Distributed column databases also rely on tables, columns and rows to structure their data, in this sense they aren't much different from some of the previous storage solutions. However, they do have their own particular way of structuring tables, which resembles a hybrid between the previous column and row storage models.

A table is constituted by a row key, column families and column qualifiers. Listing 3-10 illustrates this table structure

Listing 3-10 - Distributed column-row storage system table structure for baseball statistics
Row keyColumn Family (Team)Column Family (At Bats): Column qualifier
At bats:Runs batted in
At bats:Runs batted in
At bats:Strikeouts
At bats:Runs batted in
At bats:Strikeouts

Listing 3-11 illustrates another row key, column family and column qualifier table structure, but this time using web site data similar to how Google would use it.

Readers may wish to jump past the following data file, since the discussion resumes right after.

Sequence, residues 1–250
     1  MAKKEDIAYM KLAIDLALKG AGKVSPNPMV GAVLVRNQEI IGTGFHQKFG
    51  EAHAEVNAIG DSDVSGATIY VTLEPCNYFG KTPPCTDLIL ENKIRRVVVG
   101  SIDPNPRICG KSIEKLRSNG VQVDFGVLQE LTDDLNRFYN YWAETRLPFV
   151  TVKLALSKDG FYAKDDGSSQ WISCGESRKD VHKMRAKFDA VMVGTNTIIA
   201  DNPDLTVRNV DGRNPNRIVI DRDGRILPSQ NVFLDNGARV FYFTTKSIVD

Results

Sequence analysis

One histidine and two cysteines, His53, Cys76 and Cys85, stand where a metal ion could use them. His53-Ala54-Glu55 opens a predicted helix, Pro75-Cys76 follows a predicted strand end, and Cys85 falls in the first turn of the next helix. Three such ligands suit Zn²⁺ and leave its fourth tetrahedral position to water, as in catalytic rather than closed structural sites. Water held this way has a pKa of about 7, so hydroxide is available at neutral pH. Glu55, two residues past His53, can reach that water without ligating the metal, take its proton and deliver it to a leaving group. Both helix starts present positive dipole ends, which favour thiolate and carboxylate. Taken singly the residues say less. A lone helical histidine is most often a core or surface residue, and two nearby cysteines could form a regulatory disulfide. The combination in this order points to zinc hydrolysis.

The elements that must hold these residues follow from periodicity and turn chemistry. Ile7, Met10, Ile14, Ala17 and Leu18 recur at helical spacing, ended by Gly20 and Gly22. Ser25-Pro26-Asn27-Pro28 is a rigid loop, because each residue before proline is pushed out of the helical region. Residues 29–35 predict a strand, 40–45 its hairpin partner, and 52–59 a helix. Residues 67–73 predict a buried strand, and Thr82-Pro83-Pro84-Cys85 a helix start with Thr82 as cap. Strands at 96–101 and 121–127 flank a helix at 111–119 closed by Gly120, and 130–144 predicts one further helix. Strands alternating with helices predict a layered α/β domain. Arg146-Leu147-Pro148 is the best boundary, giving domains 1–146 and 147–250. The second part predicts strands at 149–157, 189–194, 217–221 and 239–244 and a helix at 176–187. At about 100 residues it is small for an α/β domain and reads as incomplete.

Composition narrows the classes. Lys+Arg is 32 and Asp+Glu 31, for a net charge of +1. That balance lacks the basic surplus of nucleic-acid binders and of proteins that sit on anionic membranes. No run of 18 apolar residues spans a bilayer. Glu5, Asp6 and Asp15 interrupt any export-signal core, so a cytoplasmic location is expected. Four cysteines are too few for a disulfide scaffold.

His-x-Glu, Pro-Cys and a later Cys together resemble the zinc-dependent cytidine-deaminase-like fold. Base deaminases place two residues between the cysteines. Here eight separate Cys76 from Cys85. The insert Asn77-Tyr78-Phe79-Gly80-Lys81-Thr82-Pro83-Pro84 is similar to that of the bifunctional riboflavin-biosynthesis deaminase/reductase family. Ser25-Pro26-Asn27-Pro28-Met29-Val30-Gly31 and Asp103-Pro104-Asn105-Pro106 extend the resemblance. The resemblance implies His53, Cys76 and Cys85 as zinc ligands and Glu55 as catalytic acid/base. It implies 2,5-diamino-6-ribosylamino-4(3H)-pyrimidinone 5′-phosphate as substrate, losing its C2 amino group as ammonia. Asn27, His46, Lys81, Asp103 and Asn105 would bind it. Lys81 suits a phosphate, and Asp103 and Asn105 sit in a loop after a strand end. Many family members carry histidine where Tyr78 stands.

Listing 3-11 - Distributed column-row storage system table structure for web statistics
Row keyColumn Family (Page)Column Family (Anchor): Column qualifier

As you can see, this type of table structure lends itself for storing large amounts of data. The row key serves as a type of primary key similar to the one used in RDBMS tables. But unlike the typical fields associated with RDBMS tables -- see listing 3-4 for a refresher -- each key is associated with column families.

Column families aggregate values that are in close relation to one another. A strikingly similar process to how column and multidimensional orientated tables aggregate values. In fact, data access on these storage systems is made by column families, which is where the atomicity of data transactions is enforced.